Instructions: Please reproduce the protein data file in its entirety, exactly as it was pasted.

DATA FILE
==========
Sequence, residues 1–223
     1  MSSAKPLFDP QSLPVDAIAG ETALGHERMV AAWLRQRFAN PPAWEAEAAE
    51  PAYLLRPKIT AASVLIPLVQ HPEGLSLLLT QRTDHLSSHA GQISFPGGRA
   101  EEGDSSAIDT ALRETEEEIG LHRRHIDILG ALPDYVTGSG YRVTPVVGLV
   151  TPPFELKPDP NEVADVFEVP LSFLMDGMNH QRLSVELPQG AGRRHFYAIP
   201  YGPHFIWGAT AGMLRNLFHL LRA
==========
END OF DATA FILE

Sequence, residues 1–223
     1  MSSAKPLFDP QSLPVDAIAG ETALGHERMV AAWLRQRFAN PPAWEAEAAE
    51  PAYLLRPKIT AASVLIPLVQ HPEGLSLLLT QRTDHLSSHA GQISFPGGRA
   101  EEGDSSAIDT ALRETEEEIG LHRRHIDILG ALPDYVTGSG YRVTPVVGLV
   151  TPPFELKPDP NEVADVFEVP LSFLMDGMNH QRLSVELPQG AGRRHFYAIP
   201  YGPHFIWGAT AGMLRNLFHL LRA